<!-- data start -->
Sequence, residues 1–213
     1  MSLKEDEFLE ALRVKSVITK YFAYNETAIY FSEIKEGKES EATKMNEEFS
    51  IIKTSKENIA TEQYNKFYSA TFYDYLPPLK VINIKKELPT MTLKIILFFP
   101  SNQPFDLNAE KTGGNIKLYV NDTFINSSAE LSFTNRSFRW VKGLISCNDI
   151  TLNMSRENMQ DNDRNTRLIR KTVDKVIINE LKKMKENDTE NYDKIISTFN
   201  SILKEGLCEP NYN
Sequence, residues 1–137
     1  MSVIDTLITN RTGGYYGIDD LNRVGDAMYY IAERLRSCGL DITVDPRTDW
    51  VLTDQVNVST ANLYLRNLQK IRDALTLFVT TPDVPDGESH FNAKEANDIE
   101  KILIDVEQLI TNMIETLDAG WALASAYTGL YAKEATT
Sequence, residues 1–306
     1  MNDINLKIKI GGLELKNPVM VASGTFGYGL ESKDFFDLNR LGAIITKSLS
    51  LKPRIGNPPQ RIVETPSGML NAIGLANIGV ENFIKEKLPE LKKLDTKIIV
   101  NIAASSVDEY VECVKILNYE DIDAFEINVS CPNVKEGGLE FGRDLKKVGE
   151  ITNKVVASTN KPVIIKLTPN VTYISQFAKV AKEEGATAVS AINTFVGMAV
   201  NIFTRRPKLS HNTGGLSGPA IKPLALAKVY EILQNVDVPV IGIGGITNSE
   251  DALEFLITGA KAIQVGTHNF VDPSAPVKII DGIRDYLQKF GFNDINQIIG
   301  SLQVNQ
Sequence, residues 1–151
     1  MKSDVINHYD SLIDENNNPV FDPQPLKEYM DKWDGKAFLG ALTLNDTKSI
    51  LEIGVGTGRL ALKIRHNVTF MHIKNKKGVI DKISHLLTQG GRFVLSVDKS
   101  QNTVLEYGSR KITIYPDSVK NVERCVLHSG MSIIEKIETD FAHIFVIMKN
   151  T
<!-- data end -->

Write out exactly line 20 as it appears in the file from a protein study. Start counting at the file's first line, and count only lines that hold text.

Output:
     1  MKSDVINHYD SLIDENNNPV FDPQPLKEYM DKWDGKAFLG ALTLNDTKSI